Pecan and Pumpkin pies

For the pecan and pumpkin pies, I use super simple recipes. The best pecan pie recipe, in my opinion, is the one on the back of any Karo brand corn syrup bottle. One tip here is to either serve the pecan pie cold or at room temperature, which makes it an ideal candidate to bake on Wednesday, along with the pumpkin, as they can (and should, because of dairy and eggs), sit in the fridge overnight. For the pumpkin pie, I think the recipe on the back of a can of pumpkin puree is also a great option. Paired with that flakey crust recipe from before, these two pies are an easy and delicious addition to the mix.

Whipped Cream

I like to make a few different flavors of whipped cream to pair with my pies. Homemade whipped cream is really simple and makes such a difference. This year’s lineup is caramel, coffee, and cinnamon. All you need is one cup of cream, a quarter cup of powdered sugar, and a teaspoon of vanilla extract. This makes about two cups of whipped cream, so multiply or divide as needed. I like to make the basic recipe, whipping it until almost stiff peaks, and separating it for extra flavors before whipping a bit more. For the caramel flavor, I’m adding about a tablespoon of salted caramel sauce, and for the cinnamon, I just add a few shakes. For the coffee, I like to use instant coffee, but since it typically comes in granules, I put it into the food processor, pulsing until it is a fine powder, or just place it into a Ziploc bag and crush it with a rolling pin, then add some to the cream. This whipped cream is the easiest way to elevate any pie, homemade or not.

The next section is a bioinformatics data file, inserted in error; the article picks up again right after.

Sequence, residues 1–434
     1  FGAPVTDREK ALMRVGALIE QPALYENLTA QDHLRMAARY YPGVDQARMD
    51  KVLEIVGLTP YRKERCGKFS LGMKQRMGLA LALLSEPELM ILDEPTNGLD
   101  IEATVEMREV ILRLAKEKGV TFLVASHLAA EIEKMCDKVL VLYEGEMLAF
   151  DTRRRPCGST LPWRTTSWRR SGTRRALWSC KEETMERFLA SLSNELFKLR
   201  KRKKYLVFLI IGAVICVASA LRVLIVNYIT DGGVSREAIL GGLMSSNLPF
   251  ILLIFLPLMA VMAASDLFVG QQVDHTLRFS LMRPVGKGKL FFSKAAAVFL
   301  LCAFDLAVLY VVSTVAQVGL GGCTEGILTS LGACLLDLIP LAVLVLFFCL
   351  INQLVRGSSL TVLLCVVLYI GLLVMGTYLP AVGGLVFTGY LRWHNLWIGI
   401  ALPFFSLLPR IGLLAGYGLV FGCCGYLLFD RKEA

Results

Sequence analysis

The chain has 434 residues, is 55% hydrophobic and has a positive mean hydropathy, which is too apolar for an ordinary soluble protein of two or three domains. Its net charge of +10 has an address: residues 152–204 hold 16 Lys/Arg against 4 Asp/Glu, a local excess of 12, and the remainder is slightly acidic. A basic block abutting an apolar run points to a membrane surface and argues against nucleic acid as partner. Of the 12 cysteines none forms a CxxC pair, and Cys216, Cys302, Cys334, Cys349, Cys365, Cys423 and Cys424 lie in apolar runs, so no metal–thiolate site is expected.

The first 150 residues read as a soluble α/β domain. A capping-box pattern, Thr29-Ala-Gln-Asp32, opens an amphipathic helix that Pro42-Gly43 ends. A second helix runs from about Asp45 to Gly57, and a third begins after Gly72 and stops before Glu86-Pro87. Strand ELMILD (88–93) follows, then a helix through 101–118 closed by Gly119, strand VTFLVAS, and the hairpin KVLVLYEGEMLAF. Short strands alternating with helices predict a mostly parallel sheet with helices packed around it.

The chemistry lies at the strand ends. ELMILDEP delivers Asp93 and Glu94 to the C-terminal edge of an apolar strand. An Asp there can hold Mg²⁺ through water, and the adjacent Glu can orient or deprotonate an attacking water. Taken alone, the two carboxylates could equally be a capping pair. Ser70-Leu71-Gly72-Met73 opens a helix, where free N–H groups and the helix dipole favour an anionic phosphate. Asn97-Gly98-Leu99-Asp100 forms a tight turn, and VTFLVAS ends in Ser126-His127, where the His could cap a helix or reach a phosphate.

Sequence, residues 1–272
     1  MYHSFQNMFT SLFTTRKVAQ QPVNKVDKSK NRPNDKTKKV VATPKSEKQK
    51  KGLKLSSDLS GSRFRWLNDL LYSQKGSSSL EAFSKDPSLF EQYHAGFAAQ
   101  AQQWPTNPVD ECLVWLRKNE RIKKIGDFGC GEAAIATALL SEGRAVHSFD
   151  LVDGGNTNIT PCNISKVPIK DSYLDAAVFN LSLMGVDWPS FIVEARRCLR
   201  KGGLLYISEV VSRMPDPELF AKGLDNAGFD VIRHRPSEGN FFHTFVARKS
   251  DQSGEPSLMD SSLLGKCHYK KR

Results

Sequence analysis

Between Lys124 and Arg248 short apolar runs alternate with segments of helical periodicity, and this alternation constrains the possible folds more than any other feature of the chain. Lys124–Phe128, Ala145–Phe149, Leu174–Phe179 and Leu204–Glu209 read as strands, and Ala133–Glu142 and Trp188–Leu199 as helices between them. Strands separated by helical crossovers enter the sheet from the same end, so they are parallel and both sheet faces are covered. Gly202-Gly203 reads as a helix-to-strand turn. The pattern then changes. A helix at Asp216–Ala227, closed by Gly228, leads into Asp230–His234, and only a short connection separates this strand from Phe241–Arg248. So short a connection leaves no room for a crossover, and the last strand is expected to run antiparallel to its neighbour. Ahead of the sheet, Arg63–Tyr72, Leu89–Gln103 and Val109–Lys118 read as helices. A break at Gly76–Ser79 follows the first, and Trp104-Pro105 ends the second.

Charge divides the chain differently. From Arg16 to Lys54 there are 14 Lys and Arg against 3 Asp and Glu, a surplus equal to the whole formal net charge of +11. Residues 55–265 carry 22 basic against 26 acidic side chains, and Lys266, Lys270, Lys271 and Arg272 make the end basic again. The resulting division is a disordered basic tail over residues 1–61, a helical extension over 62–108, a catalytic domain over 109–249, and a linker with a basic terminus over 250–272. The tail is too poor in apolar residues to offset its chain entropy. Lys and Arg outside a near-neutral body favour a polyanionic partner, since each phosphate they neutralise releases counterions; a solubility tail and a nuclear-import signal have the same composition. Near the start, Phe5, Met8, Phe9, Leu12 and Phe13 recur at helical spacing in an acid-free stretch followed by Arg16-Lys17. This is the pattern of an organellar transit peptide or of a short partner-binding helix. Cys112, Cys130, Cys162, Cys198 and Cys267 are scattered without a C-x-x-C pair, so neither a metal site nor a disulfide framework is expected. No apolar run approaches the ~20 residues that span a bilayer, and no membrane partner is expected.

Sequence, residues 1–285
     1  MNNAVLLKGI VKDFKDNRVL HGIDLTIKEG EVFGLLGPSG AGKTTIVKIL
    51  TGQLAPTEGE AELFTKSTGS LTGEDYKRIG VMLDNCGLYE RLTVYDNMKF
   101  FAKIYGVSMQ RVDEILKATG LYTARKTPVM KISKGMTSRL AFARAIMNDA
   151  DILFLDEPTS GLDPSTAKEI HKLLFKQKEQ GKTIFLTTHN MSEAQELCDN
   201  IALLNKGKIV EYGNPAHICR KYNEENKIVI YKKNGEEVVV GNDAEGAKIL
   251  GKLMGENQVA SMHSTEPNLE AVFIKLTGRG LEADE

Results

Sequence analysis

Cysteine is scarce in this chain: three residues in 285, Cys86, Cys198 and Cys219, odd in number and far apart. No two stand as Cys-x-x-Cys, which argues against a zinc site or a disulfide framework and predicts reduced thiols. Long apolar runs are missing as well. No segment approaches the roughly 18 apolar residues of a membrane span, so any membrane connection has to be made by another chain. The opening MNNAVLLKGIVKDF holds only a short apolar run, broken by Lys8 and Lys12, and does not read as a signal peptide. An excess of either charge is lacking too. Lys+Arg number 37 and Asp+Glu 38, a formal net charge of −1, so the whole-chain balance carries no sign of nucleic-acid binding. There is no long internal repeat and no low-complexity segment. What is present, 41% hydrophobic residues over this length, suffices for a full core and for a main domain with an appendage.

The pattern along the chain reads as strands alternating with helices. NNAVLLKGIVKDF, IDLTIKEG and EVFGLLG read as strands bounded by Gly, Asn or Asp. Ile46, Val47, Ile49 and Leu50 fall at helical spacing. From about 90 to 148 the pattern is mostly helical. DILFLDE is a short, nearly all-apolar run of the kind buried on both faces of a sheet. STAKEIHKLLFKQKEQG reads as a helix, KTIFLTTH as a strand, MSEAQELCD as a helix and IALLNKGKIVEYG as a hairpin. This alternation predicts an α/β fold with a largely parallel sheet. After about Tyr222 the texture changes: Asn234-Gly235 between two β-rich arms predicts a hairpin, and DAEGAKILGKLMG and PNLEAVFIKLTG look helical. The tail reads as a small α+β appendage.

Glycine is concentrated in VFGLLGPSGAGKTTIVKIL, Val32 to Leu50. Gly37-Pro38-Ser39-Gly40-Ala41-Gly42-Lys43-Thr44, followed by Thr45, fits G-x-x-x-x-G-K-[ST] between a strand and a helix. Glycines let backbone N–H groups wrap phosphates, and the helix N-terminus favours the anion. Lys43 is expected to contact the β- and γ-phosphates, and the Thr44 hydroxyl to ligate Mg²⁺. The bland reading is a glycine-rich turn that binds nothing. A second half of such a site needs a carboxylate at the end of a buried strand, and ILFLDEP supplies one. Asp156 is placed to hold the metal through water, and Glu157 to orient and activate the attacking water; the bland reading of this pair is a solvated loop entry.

Baking Schedule

If anyone wants to embark on the same adventure, here is my plan. To be ready for dessert time on Thursday, I’ll be spreading my baking over the course of three days. On Tuesday, I’m making all of my pie crust. For the five pies, I’ll be quadrupling my recipe, having one disk of dough left over which will be frozen for future use, and refrigerating the rest until I need it on Wednesday and Thursday. On Wednesday, I’m making the three non-fruit pies, since they don’t need to be served warm. Pumpkin and chocolate cream will stay in the fridge until it is time to add whipped cream, and pecan is best served around room temperature. On Thursday, I’ll be making both fruit pies and baking them during the main meal so they’re warm when served.

I often refer to Thanksgiving as my “baking Olympics,” and this year, I’m more eager than ever to whip up some delicious treats. The biggest challenge on Thanksgiving Day will be deciding which one to try first.

Bella is a junior at the University of Connecticut double-majoring in English and Secondary English Education. She is an associate editor for Her Campus UConn, where she spends time making the chapter's articles shine even brighter Bella enjoys writing articles about books she reads, and providing advice for incoming students. In her spare time, you’ll find Bella browsing a bookstore with a coffee in-hand, baking her latest favorite recipe, embroidering some flowers, or listening to her current Spotify playlist on repeat.